Last year Gov. Rick Snyder failed in his attempt to reduce funding for full-time online students. Rather than seek an equitable solution, the governor is now using his final budget proposal to double down on the attack and penalize certain parental choices.
The core of Snyder's education budget pitch is a significant boost to Michigan's foundation allowance. That’s the money which the state gives on a per-pupil basis to serve as a guaranteed floor and revenue source for K-12 public schools.
The current school funding system, enacted with Proposal A in 1994, was designed to achieve greater equity between districts with differing levels of taxable wealth.
To his credit, Snyder's proposal builds on the 20-year trend, giving most of the lower-funded districts an extra $240 per pupil compared with an extra $120 per pupil for the small number of districts at the high end. But he pays for those funding increases by reducing payments for students who choose certain kinds of schools or programs.
Snyder's proposal recommends cutting the foundation allowance by 25 percent for the roughly 10,000 Michigan students enrolled in one of 14 cyber schools. State Superintendent Brian Whiston backs the governor's call, telling a news outlet, "We want to make sure that we're paying for it fairly, and that allows more money to go to all students around the state."
Snyder called for cutting the foundation allowance for cyber schools by 20 percent in 2017. The justification didn't add up. His second attempt to cut funding — by an estimated $25 million, this time – certainly doesn't either. His executive budget cites research that says it costs 23.8 percent less to run a cyber school than a conventional brick-and-mortar school. But the budgets of cyber schools are already that much lower, if not more, mainly due to disparities in funding sources outside the foundation allowance, where districts have an advantage.
In 2016-17 cyber schools took in 71 percent of the total per-pupil revenues of an average school district. Just comparing the costs of operations rather than capital and debt service costs, these online schools still only spent 78 cents on the dollar. Widening the gap through cutting the foundation allowance would be truly unfair, leaving cyber schools to get by with less than 60 percent of what districts receive in total per-pupil funding.
Full-time online school may not be the best choice for most students and families, but for some it has proved to be a true lifesaver. Still other families are eager to enroll their private- or home-educated children in flexible district programs that offer elective courses. A growing number of districts have created homeschool partnerships and shared-time programs to reach more students and, in some cases, to learn innovative approaches that help them serve all students better.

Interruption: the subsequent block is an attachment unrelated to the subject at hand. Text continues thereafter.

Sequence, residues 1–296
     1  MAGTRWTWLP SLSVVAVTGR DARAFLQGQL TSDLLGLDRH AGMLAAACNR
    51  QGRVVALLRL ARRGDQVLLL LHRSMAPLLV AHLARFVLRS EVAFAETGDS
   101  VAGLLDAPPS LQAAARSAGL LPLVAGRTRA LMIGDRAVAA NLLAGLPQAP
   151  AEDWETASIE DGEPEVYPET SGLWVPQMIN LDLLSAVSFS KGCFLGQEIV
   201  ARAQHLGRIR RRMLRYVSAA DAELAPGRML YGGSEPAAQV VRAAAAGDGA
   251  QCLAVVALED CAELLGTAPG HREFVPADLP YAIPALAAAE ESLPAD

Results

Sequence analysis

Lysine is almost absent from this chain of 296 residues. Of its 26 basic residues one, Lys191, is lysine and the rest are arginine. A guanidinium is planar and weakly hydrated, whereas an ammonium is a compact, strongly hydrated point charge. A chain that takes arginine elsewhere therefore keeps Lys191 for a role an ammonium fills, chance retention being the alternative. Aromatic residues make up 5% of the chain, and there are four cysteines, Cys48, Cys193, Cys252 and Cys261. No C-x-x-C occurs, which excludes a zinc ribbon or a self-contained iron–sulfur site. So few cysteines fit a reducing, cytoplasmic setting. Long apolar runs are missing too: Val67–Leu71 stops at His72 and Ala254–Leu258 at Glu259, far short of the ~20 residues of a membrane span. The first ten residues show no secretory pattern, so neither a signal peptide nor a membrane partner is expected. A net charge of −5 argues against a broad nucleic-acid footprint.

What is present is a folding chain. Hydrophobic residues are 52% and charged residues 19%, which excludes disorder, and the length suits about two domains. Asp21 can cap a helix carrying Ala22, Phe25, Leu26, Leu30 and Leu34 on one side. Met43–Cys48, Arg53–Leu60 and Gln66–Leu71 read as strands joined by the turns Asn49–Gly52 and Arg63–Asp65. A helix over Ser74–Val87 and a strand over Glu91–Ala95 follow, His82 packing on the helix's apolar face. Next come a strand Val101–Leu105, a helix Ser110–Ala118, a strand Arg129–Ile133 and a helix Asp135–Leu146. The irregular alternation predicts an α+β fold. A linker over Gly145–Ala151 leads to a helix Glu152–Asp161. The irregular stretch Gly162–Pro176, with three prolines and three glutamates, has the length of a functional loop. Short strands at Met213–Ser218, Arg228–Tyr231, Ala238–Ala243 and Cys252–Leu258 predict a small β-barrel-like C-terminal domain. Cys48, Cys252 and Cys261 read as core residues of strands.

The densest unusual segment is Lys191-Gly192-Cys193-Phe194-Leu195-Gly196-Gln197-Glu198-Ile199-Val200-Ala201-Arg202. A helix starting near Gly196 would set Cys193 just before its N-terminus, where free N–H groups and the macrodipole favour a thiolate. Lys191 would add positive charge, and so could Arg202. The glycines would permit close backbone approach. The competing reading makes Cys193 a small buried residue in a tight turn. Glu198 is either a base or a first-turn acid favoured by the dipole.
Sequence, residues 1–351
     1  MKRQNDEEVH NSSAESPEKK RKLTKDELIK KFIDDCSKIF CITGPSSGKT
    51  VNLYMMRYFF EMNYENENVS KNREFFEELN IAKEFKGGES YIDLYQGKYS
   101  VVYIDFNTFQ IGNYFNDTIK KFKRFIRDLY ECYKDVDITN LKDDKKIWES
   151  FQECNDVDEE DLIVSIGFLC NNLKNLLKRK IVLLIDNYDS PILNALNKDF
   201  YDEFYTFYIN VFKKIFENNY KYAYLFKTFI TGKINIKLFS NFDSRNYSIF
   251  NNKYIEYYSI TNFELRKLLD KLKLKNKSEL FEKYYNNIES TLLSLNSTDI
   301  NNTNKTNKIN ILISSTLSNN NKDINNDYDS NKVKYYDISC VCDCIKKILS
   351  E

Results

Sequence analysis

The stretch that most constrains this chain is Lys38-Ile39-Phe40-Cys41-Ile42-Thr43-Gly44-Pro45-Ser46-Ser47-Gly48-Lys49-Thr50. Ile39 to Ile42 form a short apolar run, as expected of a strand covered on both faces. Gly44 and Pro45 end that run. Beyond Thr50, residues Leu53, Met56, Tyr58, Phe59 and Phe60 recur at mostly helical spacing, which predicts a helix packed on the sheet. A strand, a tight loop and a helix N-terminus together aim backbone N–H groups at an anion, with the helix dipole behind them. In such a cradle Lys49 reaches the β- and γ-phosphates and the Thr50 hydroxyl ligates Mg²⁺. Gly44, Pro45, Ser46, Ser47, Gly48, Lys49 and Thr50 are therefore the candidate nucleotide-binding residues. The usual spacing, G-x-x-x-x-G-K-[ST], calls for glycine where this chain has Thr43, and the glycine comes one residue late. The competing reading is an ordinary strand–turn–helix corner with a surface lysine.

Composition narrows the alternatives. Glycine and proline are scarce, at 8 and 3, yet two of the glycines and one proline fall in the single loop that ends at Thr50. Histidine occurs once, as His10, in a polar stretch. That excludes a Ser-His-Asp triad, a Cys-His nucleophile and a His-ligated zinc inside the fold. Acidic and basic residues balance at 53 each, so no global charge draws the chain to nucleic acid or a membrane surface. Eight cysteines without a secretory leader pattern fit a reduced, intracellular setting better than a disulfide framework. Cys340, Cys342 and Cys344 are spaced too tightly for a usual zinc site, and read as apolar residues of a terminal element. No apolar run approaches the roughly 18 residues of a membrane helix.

Yet Snyder's proposal would greatly restrict how many students a district could serve though these programs, no matter how great the demand. It includes a mechanism to keep any district from having more than 5 percent of its students enrolled in an online program, which would cut funding for such programs by an estimated $68 million statewide. Artificially capping participation would leave it to the districts to decide who to turn away, or perhaps to figure out how to keep the programs going at all.
Snyder's office appears intent on giving legislators a stark choice between his full foundation allowance increase (an extra $312 million) or standing with parents who have chosen from the options of a cyber school, partnership or shared-time program.
If legislators need other education budget items to roll back, they should look first at the political projects in some of the state's existing categorical grants. The governor's proposal streamlines the number of categorical grants but does very little to reduce their overall funding.
Lansing leaders have a chance to challenge the governor's proposal and stand by student-based funding that more closely follows families' choices and priorities.
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